I wonder if we won't be talking about Paris 2011 in a similar way ten years from now.

No, there is no Budde (busy making Top 8 of the Grand Prix, actually), nor Finkel in the Paris Top 8, but it seemed like a flag had been planted and something had changed in the world over the course of the first Magic weekend. If Paul Rietzl—who missed Top 8 of the concurrent Grand Prix by one Swiss point (the result of having to play one of his Pro Tour Top 8 matches)—had won maybe two more total games of Magic in Paris, he would probably be a lock for the Hall of Fame this year. Can you imagine how mighty?

The last time Paul did this well we got the best tournament report in ten years; I can't wait to see what he will cook up over at TCGPlayer this time around.

Ben Stark has long been regarded one of the game's elite players; I think the win in Paris—while it certainly doesn't lock him into the Hall of Fame—it certainly does get the ChannelFireball contributor into the conversation.

And what about a guy who was already in the conversation? Patrick Chapin has made a point to not use his massive popularity as a columnist at StarCityGames to his advantage in Hall of Fame voting. My guess is that with this feather in his resume's cap, he isn't going to have to this year.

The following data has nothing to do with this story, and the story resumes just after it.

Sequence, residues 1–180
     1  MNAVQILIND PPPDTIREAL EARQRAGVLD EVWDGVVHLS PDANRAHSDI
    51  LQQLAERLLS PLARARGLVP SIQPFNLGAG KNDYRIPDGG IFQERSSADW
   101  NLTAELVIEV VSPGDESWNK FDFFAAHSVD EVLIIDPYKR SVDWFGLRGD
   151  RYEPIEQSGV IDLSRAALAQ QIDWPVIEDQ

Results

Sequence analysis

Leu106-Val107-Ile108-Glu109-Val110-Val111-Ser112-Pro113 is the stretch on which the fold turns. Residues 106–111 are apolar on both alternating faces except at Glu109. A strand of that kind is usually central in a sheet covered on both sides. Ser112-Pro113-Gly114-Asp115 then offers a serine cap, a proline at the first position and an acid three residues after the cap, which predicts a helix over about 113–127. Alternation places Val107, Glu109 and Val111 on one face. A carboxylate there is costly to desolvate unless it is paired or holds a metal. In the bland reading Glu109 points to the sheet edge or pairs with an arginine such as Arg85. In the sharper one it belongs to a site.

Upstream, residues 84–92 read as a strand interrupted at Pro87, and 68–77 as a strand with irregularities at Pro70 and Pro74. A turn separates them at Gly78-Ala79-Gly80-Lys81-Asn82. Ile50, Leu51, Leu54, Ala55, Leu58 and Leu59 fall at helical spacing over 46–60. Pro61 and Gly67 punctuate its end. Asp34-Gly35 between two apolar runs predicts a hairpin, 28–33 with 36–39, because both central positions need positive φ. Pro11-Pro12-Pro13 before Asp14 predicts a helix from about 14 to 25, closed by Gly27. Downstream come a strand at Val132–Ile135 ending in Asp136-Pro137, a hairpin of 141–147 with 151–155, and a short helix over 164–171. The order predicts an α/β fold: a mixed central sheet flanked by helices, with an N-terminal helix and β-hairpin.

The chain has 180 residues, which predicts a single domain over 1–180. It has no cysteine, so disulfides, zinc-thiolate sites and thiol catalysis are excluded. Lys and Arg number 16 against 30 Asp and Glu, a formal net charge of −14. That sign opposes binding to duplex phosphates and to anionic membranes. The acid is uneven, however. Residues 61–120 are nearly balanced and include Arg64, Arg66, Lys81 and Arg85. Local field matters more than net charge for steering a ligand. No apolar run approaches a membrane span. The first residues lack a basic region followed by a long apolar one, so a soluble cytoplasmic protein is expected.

Not if he keeps putting out decks like this Tezzeret build:

Patrick Chapin's Tezzeret

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This deck is the opening salvo for what we can only assume to be about two years of Tezzeret awesome sauce in Standard. I already think that Tezzeret will probably grow into the "#1 card in Standard" title when Jace, the Mind Sculptor rotates; there is no better testament than the fact that Chapin—the world's first and most vocal Jace booster—himself played only three copies of The Mind Sculptor, but four copies of the Agent of Bolas in this landmark list.

    How Does This Deck Work?

The deck revolves around mana acceleration and powerful planeswalkers. There are four copies of Everflowing Chalice, three copies of Sphere of the Suns, and a pair of Mox Opals. The Tezzeret deck works very hard to untap with one of the four-mana planeswalkers on the battlefield on turn three, at which point it's on.

Tezzeret can Impulse through the deck, generating card advantage while making spells like Galvanic Blast better. It locks down groups of creatures with Pyroclasm and Slagstorm, and forces the opponent to commit to the board with Tumble Magnet.

There are beautiful quirks and synergies to this deck: One Treasure Mage and one Wurmcoil Engine for it to get ... a Kuldotha Rebirth to block the opponent's Kuldotha Rebirth tokens after he hands you a Jinxed Idol. Plus, just a brutal Plan B: The eighteen main-deck artifacts make Stoic Rebuttal more consistently attractive than it is in other decks, plus a stack of Spreading Seas and Duress in the board, just for the fistfights.

Chapin's Tezzeret deck was played by Player of the Year hopeful Guillaume Matignon. He has more to say about the—ahem—innovative build in this video: